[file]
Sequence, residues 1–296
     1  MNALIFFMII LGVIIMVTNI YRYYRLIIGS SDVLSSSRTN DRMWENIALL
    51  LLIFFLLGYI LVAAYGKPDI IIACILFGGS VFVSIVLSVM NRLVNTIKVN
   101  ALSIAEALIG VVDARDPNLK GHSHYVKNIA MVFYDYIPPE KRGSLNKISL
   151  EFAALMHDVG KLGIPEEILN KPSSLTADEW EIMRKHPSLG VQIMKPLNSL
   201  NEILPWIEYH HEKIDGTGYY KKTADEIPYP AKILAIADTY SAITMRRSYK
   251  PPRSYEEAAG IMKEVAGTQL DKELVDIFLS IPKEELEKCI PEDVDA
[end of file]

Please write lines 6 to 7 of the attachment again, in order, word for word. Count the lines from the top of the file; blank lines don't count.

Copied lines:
   201  NEILPWIEYH HEKIDGTGYY KKTADEIPYP AKILAIADTY SAITMRRSYK
   251  PPRSYEEAAG IMKEVAGTQL DKELVDIFLS IPKEELEKCI PEDVDA